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Control Your Destiny or Someone Else Will (Collins Business Essentials) Paperback – April 5, 2005

25 customer reviews

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Editorial Reviews

From Library Journal

Jack Welch is undoubtedly one of the most talked about chief executives in America. Three months apart, two books have appeared about Welch and his mandate to restructure GE in the 1980s. Unlike Robert Slater's The New GE: How Jack Welch Revived an American Institution ( LJ 10/1/92), authors Tichy, a professor and GE consultant, and Sherman, a Fortune reporter, offer a deeper analysis of Welch's leadership practices and philosophies. The authors use the first person singular to signify an insider's (Tichy's) view, which is confusing at first. Furthermore, the addition of the "Handbook for Revolutionaries" (material developed at GE's executive education center in Crotonville, New York) makes Tichy appear to be a Welch convert, and the bias is sometimes too obvious. The repetition of ideas makes reading laborious. However, the authors do a substantial job in presenting the research, which included over 100 hours of interviews with Welch. Recommended for all business libraries.
- Rebecca A. Smith, Harvard Business Sch. Lib.
Copyright 1993 Reed Business Information, Inc. --This text refers to an out of print or unavailable edition of this title.


"Fascinating reading. There is at least as much to be learned here as from reading Peter Drucker, John Kenneth Galbraith, or Michael Porter." -- -- Boston Globe

"IBM. GM. Blow after blow is absorbed by America's recent bellwether firms. At times, only GE seems to be counterpunching--and attacking. Control Your Destiny is an exciting rendition of the Welch revolution. Read it carefully." -- -- Tom Peters, author of Liberation Management

"The first scholarly attempt to pin down the secrets of GE's success. A helpful, clear account...with interesting case studies." -- -- Financial Times --This text refers to an out of print or unavailable edition of this title.


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Product Details

  • Series: Collins Business Essentials
  • Paperback: 720 pages
  • Publisher: HarperBus; Reprint edition (December 13, 2005)
  • Language: English
  • ISBN-10: 0060753838
  • ISBN-13: 978-0060753832
  • Product Dimensions: 5.2 x 1.8 x 8 inches
  • Shipping Weight: 1.2 pounds
  • Average Customer Review: 4.3 out of 5 stars  See all reviews (25 customer reviews)
  • Amazon Best Sellers Rank: #890,631 in Books (See Top 100 in Books)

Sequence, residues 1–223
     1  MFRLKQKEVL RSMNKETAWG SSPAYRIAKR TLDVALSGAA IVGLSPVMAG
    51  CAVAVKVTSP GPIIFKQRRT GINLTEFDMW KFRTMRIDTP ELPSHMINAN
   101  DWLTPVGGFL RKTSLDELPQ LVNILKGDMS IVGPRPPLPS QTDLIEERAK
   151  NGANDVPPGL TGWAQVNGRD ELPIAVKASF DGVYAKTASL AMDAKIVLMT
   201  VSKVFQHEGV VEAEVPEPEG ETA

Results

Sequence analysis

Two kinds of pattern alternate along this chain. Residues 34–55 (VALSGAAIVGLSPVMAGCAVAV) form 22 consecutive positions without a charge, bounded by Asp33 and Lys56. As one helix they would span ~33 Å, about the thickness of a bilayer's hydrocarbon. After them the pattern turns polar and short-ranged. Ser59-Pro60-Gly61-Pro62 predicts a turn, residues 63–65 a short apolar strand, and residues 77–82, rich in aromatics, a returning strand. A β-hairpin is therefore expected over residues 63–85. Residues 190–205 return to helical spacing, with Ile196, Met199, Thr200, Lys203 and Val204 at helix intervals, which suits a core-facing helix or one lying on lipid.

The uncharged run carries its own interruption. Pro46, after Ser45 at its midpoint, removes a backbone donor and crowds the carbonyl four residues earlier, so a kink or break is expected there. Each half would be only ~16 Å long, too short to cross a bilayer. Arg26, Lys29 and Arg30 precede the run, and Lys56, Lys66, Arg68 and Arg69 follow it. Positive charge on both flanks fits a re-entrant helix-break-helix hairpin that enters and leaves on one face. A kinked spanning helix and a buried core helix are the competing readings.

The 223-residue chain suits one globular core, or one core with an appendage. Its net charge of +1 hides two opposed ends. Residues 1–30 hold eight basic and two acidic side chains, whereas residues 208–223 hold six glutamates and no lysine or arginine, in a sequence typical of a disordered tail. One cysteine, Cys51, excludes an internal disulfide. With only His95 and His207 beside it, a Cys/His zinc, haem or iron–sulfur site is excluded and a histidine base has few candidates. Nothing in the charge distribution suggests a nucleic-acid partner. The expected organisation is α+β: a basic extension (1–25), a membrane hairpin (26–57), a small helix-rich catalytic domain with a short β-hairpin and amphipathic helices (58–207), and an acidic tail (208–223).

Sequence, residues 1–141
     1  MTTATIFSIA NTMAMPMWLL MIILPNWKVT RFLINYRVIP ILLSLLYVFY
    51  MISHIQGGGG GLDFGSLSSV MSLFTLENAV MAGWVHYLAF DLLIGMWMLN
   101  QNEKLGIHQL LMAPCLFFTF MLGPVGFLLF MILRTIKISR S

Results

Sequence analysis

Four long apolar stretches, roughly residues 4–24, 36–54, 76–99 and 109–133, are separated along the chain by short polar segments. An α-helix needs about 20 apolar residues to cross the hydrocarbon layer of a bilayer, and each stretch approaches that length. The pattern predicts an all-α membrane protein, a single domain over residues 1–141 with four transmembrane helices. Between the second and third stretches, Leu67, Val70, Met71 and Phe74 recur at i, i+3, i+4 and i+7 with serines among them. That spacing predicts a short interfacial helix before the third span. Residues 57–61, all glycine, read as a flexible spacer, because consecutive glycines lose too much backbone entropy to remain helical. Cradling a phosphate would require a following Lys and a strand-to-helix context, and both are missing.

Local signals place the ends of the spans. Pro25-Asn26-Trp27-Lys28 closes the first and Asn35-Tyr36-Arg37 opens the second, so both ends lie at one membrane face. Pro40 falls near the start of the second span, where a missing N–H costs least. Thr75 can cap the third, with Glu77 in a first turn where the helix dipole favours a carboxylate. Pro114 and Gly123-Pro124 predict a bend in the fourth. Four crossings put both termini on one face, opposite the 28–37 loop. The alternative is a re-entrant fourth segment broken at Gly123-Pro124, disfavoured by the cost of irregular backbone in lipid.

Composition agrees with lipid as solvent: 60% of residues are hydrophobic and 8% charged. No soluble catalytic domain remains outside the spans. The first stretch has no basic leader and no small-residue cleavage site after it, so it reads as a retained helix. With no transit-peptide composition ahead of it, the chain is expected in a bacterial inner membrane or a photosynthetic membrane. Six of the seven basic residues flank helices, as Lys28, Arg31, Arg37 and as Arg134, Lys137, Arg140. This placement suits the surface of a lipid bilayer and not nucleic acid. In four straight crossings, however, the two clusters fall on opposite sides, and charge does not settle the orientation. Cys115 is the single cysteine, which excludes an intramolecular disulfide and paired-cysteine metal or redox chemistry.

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Customer Reviews

Most Helpful Customer Reviews

27 of 27 people found the following review helpful By Turgay BUGDACIGIL on June 8, 2001
Format: Paperback
'Control Destiny or Someone Else Will' is deeply insightful and comprehensive examination of GE's transformation. It contains detailed, valuable lessons for all those interested in Jack Welch and his GE, as revolutionaries.
Noel M.Tichy and Stratford Sherman write, "The old way, exemplified by Henry Ford's production line, calls for top managers to analyze the work that needs to be done, then devise rules even an idiot can follow. Managers, divorced from the actual work, become bureaucrats, while their frustrated subordinates tighten the bolts...The new way-GE's way-breaks the intellectual framework that defines the limits of traditional management...Instead of seeking better ways to control workers, Welch says he aims to liberate them. As he explains, that goal is based on self-interest: The old organization was built on control, but the world has changed. The world is moving at such a pace that control has become a limitation. It slows you down. You've got to balance freedom with some control, but you've got to have more freedom than you ever dreamed of" (pp.19-20).
At this point, after outlining basic characteristics of old and new ways, Noel M.Tichy describes the difference between them in terms of sports:
1. Old Way-Machine Age: Hierarchical, control-focused, and bureaucratic. He notes, "The old GE resembled a football team: Each player had carefully prescribed roles, yielding a carefully orchestrated pattern. The coach called all the plays. Even the strategic-planning guidebook that governed GE policy were like the playbooks in football."
2. New Way-Information Age: Networks, flexibility, knowledge, and creation.
Read more ›
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10 of 10 people found the following review helpful By A Customer on January 2, 1998
Format: Hardcover